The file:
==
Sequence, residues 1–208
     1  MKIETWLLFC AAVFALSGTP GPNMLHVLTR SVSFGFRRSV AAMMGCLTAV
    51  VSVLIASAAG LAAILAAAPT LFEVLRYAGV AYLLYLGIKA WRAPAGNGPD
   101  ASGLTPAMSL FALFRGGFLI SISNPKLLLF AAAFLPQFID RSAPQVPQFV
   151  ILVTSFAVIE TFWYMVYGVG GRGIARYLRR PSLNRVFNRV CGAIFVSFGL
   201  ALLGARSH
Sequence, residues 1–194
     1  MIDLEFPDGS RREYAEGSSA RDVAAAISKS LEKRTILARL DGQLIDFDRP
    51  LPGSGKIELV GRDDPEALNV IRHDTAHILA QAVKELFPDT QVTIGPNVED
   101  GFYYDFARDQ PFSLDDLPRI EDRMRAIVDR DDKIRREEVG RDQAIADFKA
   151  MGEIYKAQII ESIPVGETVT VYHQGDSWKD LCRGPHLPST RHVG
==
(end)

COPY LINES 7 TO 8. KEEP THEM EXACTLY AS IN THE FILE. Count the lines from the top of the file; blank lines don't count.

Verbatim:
Sequence, residues 1–194
     1  MIDLEFPDGS RREYAEGSSA RDVAAAISKS LEKRTILARL DGQLIDFDRP